This is exactly how we approach our Listening Circles project in Central Solano, funded by CalEPA’s Environmental Justice grant: We would like to bring to the communities mostly affected by the environmental pressures a balanced sense of urgency and agency, knowledge about environmental issues in their backyards, and practical, achievable, community-based solutions to fix the problems or at least ease the effects of them.

Looking forward to seeing you at our next community event!

Growing Change Through Community

By Allison Nagel, Communications Manager

Film maker John de Graaf and author and public speaker Anamaria Aristizabal

A conversation sparked in a Vallejo living room by the lessons learned in the city of Bogota, Colombia, could be a part of driving change in the local community. 

Change starts with a vision of what is possible.

“It is a fire in our hearts,” said Anamaria Aristizabal, who spoke to a small group of local citizens earlier this summer about the transformation that took place in her hometown, creating a city full of parks, libraries and bike paths. Anamaria was there by invitation of filmmaker John de Graaf. (We’ll be showing one of his films, Redefining Prosperity, on Aug. 18 in Benicia, and John will participate in a Q&A after the screening.) John is currently working on a documentary about Vallejo. He said there are lines to be drawn between what happened in Bogota and what he sees happening in our local city — how bringing public services to neglected areas can give residents the sense that someone in government cares and the empowerment to ask for more.

Anamaria, who is a public speaker, author and the co-founder of an ecovillage outside of Bogota, drew out a timeline of how Bogota’s leadership history led to the city’s current state. First, there was leadership that pursued fiscal cleanup of a corrupt and bankrupt system. That paved the way for the next leader to focus on civic culture and the need for citizens to be civil to each other while building up a fiscal surplus. And that surplus allowed the next leader to focus on infrastructure, building out all of those public services and spaces.

By solving for essential needs, such as adding communal kitchens to address hunger, the city freed people up to have the bigger conversations and to advocate for more and better ways of improving the city and the status of its citizens.

“A strong social platform of people feeling met by their government allowed the city to move into a new era,” she said.

In examining the identity of an individual or a city, it comes down to tangible things, stories (those “seeds” that carry the identity and essence of a person or place) and ideals, Anamaria said. In Bogota, attention to ideals meant a focus on inclusion for all citizens or beauty in the natural world.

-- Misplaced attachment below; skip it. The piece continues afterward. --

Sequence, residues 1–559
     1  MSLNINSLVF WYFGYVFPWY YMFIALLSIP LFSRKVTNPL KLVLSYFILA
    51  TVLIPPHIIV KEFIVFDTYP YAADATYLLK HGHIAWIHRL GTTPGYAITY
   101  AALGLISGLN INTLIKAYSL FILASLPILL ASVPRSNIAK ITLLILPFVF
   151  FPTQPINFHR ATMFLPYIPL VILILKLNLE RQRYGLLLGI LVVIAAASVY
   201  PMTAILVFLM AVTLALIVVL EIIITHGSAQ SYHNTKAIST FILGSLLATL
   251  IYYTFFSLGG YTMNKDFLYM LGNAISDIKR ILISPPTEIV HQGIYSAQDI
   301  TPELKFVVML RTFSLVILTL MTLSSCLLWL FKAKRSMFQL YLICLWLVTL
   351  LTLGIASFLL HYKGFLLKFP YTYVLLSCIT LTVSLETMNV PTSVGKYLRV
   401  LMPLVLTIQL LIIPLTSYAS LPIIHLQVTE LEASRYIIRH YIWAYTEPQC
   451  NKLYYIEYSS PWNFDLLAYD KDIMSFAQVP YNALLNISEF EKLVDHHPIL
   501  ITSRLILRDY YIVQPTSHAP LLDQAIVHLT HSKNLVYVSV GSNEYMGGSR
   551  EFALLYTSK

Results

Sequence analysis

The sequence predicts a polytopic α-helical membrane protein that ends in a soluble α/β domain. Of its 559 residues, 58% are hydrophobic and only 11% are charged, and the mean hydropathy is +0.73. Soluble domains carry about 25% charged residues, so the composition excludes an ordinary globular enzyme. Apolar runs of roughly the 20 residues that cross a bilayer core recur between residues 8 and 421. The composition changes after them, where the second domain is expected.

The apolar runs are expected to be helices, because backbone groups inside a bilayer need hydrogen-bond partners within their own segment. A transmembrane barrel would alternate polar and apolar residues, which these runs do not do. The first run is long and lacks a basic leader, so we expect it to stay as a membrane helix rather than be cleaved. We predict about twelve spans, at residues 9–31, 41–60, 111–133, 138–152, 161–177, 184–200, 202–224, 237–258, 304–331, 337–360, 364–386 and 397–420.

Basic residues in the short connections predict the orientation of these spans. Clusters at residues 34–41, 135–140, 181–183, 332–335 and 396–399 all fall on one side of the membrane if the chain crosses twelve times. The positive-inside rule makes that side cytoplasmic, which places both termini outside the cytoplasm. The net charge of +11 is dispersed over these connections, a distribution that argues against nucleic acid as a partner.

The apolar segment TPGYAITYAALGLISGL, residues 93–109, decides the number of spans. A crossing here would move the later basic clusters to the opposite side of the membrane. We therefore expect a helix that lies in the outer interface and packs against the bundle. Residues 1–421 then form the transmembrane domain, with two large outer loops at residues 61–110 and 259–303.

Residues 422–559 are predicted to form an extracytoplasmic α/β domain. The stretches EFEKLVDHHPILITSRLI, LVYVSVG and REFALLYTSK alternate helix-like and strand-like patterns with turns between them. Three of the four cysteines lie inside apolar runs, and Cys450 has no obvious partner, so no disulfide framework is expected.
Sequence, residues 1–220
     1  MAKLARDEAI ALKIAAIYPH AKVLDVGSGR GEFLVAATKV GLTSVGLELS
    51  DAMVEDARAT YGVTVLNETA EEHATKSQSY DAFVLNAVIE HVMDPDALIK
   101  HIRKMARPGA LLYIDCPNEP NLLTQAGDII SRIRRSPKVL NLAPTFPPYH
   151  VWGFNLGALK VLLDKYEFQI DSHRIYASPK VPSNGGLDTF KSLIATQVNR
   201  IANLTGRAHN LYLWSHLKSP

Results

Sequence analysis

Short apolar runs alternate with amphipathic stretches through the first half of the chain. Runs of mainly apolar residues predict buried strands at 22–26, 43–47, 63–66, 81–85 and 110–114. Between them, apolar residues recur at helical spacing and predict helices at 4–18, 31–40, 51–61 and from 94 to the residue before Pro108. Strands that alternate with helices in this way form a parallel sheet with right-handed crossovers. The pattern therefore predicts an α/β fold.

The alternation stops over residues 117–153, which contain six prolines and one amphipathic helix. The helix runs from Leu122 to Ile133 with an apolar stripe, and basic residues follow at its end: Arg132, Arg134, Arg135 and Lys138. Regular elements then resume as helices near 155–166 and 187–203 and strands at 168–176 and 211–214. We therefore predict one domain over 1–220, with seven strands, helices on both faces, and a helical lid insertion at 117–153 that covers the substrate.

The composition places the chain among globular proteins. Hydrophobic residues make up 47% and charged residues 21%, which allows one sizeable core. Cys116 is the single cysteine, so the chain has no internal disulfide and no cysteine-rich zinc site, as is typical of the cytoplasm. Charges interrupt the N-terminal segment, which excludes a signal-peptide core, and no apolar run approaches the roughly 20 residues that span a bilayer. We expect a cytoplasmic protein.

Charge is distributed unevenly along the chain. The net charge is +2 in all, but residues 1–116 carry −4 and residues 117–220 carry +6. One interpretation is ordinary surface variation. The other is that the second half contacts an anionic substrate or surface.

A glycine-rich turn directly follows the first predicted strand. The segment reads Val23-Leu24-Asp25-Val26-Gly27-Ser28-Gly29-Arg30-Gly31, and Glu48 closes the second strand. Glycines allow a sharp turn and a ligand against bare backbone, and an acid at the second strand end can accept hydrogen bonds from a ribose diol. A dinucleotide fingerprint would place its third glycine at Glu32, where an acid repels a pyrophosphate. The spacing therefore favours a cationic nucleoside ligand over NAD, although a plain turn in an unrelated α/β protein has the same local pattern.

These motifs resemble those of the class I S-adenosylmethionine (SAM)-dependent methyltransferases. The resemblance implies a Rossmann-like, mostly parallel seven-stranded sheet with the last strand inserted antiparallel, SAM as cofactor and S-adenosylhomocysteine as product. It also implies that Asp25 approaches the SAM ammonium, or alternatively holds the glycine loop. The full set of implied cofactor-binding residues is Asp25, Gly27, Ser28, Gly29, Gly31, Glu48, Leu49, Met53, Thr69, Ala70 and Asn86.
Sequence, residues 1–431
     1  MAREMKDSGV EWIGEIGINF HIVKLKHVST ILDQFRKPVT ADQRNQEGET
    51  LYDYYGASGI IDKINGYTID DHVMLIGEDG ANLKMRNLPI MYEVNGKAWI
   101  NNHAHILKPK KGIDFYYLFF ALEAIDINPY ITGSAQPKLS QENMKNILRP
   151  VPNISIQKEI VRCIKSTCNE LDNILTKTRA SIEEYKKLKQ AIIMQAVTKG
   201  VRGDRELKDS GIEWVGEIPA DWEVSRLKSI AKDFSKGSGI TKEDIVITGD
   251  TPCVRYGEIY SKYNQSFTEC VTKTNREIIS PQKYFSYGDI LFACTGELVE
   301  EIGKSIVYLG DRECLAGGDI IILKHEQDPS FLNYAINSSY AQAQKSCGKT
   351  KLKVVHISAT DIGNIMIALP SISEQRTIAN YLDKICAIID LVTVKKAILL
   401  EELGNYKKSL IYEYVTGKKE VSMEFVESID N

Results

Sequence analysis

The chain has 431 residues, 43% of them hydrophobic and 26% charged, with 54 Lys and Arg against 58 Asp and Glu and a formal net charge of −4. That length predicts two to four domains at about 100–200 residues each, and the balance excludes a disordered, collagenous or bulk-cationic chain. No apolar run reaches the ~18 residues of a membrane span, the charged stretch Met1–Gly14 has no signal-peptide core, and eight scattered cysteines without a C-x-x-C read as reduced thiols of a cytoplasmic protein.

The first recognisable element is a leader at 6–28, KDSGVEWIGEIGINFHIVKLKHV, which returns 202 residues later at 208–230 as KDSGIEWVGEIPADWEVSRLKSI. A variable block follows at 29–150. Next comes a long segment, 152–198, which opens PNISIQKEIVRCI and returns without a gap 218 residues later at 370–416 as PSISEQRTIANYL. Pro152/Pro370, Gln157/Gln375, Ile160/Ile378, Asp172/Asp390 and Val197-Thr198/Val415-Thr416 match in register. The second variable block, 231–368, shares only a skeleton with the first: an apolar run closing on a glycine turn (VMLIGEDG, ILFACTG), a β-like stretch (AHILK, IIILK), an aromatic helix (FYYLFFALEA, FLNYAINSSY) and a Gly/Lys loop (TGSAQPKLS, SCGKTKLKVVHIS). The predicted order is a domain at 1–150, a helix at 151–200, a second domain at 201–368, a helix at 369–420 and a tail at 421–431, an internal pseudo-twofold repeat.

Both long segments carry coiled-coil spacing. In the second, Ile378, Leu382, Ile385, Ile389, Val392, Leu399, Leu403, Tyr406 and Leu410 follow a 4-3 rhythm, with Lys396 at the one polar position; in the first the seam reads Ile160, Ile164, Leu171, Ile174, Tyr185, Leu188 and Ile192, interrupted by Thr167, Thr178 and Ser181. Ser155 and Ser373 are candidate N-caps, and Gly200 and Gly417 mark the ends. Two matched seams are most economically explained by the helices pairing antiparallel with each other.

“All these ideals guide us and bring us together,” she said.

A focus on ideals can be a challenge, with the question of how to sustain the commitment and energy around an ideal.

Anamaria suggests “social technologies” — the building of stronger relationships where everyone feels heard and can unite around common values. Building trust creates more opportunities to pursue possibilities.

She pointed to the small group gathered together and how it creates new connections. There are more opportunities to do that within our communities. Part of the discussion that night among attendees touched on the need to better engage disenfranchised parts of the community.

“Out of relationships you can generate new possibilities and move into action,” she said, noting that the building of relationships, purpose and meaning has to come first before jumping to action.

She hoped that by sharing what has happened elsewhere, she can inspire others intent on changing their cities for the better.

“Sharing the positive stories that are already happening becomes the good fire to inspire others,” she said.

Learning to Listen

Anamaria’s insight and the feedback from this small group on the importance of community involvement and lending an ear to the voices of those most affected by community challenges ties in with Sustainable Solano’s commitment to creating Listening Circles. Learn more about this exciting process here.